He is one of hundreds of thousands of hospitality workers who either temporarily or permanently lost their jobs as the COVID-19 crisis caused the usually bustling Vegas Strip to grind to a halt. As a member of Nevada’s largest and most influential union, the Culinary Workers Local 226, Calderon — who was connected to BuzzFeed News via Mi Familia Vota Nevada, and not via the union — said the union has been fighting for things like extending his healthcare, so he feels very in the loop and engaged with them even though he’s not working right now.
“Especially when the union’s fighting for us, we should also be fighting for them,” Calderon said, adding that he was speaking just for himself and not for Mi Familia Vota. “I thought my insurance was going to end in April, but they expanded it to August and then expanded it to October.”
As of Tuesday morning, Latinos in Nevada had cast more than 137,000 votes between early and absentee ballots — that’s up from 90,596 early and absentee votes by Election Day in 2016. Overall, between early and absentee voting leading up to Nov. 3, voters in Nevada had cast 102.2% of the total number of ballots cast including Election Day in 2016.
According to early vote numbers compiled by the Latino voter advocacy group Voto Latino, this year 72% voted Democrat and 20% voted Republican. The group of Latinos who took a slightly higher share of turnout compared to 2016 includes Calderon — people aged 18 to 29.
“Well, I think people realize the situation we are in right now, because they're suffering. You know, they see how many jobs went away in a few months. We have more than half our union right now not working, and people know the situation they are going through with the COVID-19. Everybody is scared to get sick … We have to realize this is not a time where we can stay home and not vote. We have to vote,” Geoconda Argüello-Kline, secretary-treasurer for the Culinary Workers Union, told BuzzFeed News on Friday, taking a break from door-knocking. She said more than 400 canvassers were out encouraging people to vote while observing social distancing and wearing masks.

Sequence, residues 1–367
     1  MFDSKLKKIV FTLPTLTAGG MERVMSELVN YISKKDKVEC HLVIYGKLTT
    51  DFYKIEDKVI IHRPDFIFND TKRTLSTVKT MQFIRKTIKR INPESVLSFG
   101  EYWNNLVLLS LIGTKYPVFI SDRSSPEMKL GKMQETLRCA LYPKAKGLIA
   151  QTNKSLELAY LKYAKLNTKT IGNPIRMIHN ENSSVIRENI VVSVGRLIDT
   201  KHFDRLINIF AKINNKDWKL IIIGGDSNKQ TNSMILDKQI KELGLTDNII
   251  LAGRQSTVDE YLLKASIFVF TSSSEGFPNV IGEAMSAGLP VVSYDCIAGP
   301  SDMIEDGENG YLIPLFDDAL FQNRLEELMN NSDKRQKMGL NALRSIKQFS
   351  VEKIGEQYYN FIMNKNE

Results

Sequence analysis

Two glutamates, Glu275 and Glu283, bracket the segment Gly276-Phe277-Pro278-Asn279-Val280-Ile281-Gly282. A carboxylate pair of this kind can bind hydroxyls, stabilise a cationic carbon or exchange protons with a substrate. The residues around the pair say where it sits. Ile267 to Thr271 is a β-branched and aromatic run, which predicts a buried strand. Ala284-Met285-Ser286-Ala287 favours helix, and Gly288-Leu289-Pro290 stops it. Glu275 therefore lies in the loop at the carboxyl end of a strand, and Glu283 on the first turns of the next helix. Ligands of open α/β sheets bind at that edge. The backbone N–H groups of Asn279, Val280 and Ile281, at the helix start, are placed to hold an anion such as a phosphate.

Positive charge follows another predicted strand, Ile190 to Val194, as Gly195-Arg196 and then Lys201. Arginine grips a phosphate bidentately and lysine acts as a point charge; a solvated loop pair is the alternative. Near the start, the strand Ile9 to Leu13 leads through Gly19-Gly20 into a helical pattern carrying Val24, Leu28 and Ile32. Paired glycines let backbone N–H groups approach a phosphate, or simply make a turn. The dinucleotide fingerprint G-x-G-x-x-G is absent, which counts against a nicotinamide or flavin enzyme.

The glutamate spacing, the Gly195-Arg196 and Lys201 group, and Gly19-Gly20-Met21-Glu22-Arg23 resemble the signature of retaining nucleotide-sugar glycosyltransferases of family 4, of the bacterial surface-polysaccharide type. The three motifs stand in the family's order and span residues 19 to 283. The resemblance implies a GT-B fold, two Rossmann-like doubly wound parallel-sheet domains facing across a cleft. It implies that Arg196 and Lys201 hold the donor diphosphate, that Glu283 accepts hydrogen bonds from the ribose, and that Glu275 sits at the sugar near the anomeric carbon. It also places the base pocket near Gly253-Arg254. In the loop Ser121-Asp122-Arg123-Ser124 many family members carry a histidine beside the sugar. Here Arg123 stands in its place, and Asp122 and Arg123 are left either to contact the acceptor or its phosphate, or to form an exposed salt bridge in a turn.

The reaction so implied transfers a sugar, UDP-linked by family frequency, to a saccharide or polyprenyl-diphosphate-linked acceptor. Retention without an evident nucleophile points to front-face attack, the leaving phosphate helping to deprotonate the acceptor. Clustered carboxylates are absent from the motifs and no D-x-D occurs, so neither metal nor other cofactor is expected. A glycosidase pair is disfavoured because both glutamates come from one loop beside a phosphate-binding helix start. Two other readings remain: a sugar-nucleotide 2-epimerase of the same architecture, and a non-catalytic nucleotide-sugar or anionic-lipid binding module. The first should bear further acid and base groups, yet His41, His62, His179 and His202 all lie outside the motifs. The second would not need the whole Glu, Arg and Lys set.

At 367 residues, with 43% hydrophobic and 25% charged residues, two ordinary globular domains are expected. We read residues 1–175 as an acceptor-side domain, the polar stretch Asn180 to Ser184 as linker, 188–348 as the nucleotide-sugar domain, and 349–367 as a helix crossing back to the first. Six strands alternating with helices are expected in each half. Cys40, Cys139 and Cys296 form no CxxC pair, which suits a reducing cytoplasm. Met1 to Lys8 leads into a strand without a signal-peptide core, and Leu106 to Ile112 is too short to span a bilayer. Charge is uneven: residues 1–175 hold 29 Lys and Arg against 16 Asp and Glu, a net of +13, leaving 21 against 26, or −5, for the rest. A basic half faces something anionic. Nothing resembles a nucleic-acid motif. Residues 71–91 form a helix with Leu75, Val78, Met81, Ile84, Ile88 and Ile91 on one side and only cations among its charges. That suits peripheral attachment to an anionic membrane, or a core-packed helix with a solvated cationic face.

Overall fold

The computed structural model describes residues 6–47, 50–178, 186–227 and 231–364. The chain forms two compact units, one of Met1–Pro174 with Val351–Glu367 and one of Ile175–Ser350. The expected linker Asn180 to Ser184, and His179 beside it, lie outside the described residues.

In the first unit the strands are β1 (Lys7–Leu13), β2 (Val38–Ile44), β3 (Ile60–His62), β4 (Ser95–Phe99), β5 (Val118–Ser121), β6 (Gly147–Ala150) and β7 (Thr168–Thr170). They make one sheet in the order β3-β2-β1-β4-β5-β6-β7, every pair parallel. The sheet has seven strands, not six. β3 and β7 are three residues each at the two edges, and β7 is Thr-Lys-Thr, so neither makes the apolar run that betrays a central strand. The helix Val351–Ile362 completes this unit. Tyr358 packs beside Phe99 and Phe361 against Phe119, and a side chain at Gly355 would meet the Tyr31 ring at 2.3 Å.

The union, which is 54% Latino, has historically been an important source of voter engagement in Nevada. Argüello-Kline said more than half its members are still unemployed after the pandemic shutdowns and that at least 53 union members or members of their immediate families have died from COVID-19 since March 1.
“[Trump] doesn't believe in doctors and science, and that's a very difficult situation for our country and for our union members, you know,” said Argüello-Kline. “The families, right now they are suffering because the president really doesn't take care of the crisis the way they're supposed to take care, with leadership. To tell the people the truth.”
During Nevada’s Democratic caucuses in February, union members overwhelmingly supported Bernie Sanders, despite union leaders openly criticizing the senator’s universal healthcare plan while speaking warmly of Biden. That was in large part driven by Latino voters, who the Sanders campaign appealed to with a campaign designed to have multigenerational and multilingual appeal. Sanders decisively won the Nevada caucuses.
Biden, after defeating Sanders to win the Democratic nomination, has faced questions over how he would get those who came out in force for Sanders in the caucuses to turn out for him in the general election, while also building support among other groups.
The union’s work pushing for protections for workers in Nevada, as well as mobilizing to hold food drives and help with other basic needs, has kept Latino members in the fold even as they’ve dealt with challenges this year, said Alvarado. That’s helped the union maintain its political heft, which is built on members’ loyalty.